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Trayvon Martin, Black Life Inspire Art Africa In Overtown

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Alicia Zuckerman
/
WLRN

  On Thursday night in  Overtown, artist DobaAfolabi was showing his work at the Art Africa show.

Afolabi is from Nigeria. He used to live in Miami, but left for Brooklyn a while ago.

Up close, his paintings look like abstracts in brightly-colored oil paint. But stand a few feet back, and a cellist in a top hat emerges. Or two saxophone players against a fiery background. One painting is called “Ride the Storm.” That’s the piece he did after his house burned down. Painting, he says, is what keeps him happy and centered.

“I want to make something that gives my spirit and soul and makes me stable in this insane world,” he said.

Another Nigerian artist living in Brooklyn, Laolu Senbanjo, has a piece here called “Black Lives Matter” he created in 2013.  That title is the same as the popular Twitter hashtag and slogan that emerged after the recent killings of unarmed black men.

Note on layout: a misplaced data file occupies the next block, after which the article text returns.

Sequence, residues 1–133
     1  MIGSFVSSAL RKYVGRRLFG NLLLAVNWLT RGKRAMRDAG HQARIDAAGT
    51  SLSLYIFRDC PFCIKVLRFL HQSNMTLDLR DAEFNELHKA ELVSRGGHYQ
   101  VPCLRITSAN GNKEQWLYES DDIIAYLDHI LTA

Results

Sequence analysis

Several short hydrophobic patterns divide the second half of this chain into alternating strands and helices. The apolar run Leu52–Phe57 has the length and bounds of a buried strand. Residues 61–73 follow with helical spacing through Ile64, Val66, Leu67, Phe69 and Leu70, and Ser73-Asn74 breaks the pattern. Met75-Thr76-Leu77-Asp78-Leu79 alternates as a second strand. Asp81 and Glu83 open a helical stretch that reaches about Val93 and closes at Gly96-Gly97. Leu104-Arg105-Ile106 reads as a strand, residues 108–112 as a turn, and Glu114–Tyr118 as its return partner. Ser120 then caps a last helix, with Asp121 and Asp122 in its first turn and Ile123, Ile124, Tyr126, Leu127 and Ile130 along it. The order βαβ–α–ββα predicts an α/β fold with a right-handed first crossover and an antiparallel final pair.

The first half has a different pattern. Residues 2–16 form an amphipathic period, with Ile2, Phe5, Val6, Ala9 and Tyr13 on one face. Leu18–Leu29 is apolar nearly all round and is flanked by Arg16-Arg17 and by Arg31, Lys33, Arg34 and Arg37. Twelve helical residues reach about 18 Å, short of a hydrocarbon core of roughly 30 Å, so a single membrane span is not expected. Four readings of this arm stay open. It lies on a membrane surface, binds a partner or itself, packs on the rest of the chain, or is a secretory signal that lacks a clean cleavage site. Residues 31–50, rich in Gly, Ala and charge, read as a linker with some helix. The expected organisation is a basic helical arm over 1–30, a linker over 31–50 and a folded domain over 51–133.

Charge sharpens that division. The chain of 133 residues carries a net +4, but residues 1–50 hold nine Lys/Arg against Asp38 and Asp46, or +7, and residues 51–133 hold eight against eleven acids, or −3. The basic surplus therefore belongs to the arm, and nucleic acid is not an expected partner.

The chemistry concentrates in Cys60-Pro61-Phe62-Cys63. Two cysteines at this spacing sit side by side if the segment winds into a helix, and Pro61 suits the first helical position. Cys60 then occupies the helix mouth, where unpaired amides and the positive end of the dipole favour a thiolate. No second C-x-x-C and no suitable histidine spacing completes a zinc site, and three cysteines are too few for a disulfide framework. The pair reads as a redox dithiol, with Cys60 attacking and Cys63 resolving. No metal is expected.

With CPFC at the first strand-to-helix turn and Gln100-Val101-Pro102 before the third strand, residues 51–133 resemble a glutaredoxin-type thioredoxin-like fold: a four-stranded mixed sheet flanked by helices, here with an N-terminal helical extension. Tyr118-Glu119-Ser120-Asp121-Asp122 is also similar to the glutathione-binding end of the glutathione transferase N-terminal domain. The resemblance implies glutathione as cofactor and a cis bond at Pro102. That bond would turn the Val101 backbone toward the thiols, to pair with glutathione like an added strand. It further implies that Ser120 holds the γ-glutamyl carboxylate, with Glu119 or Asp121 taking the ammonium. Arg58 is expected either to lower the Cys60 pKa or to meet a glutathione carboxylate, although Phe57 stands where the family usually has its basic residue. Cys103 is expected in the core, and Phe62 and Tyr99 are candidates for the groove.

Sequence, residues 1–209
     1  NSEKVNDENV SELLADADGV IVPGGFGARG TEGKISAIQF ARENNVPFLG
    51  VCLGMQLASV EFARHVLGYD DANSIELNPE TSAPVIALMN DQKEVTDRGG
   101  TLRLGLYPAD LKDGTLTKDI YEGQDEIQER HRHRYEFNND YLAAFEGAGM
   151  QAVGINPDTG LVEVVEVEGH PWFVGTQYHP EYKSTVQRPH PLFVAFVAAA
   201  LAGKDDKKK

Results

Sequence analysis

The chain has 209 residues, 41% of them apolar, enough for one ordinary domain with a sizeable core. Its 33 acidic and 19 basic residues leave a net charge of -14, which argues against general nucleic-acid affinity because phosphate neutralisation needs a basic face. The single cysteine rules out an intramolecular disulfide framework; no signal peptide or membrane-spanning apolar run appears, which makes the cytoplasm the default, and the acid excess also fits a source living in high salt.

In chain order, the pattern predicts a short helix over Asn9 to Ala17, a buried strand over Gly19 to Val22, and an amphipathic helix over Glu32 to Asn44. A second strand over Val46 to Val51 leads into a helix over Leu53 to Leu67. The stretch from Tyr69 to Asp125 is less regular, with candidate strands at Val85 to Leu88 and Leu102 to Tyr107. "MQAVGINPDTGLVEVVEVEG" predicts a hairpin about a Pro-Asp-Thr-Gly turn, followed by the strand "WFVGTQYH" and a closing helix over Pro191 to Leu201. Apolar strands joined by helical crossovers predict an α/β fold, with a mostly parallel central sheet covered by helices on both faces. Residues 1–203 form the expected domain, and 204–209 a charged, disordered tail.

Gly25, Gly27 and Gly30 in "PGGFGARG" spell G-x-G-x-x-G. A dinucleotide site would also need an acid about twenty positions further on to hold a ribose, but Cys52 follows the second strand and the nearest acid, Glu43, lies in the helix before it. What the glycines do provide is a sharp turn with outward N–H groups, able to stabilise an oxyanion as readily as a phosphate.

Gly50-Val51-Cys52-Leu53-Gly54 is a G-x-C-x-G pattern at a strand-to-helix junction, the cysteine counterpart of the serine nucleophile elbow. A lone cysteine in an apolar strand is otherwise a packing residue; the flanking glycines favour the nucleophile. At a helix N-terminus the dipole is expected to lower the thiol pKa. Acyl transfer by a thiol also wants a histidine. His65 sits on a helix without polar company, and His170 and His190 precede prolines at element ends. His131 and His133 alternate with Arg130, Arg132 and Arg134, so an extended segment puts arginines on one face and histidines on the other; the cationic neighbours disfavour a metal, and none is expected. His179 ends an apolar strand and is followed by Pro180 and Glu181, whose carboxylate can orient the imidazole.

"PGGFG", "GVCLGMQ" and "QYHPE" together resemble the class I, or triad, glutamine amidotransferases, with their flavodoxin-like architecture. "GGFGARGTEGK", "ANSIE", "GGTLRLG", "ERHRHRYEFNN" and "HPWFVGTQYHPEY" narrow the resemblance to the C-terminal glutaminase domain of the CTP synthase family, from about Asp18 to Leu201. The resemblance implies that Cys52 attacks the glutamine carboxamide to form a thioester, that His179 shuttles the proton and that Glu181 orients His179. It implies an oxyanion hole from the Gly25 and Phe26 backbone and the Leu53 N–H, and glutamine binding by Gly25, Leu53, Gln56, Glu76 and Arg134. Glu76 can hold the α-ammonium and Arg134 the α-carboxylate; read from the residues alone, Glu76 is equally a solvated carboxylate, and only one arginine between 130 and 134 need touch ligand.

Senbanjo's "Black Lives Matter" is a charcoal drawing of Emmett Till, Martin Luther King, Jordan Davis and Trayvon Martin. A confederate flag is on one side. The U.S. flag on the other.

Senbanjo says he feels like he needs to keep adding to this work.

"I mean, I would add Eric Gardner, that happened," he says. "I would add Ferguson, Mike Brown."

Several of the works in the show depict how difficult it can be living as a black person right now.

Art Africa is at The Carver Building, 801 NW Third Ave. in Overtown through Sunday.

Alicia Zuckerman has loved audio since she was a kid listening to comedy albums and call-in radio advice shows she probably shouldn't have been listening to. She is Editorial Director at WLRN where she edits narrative and investigative audio journalism. She routinely reminds reporters to find and make moments of joy, which is how she learned you can grow mangoes on a balcony, and about the popularity of Manischewitz in the Caribbean. In 2020, she was named Editor of the Year by the Society of Professional Journalists Florida chapter.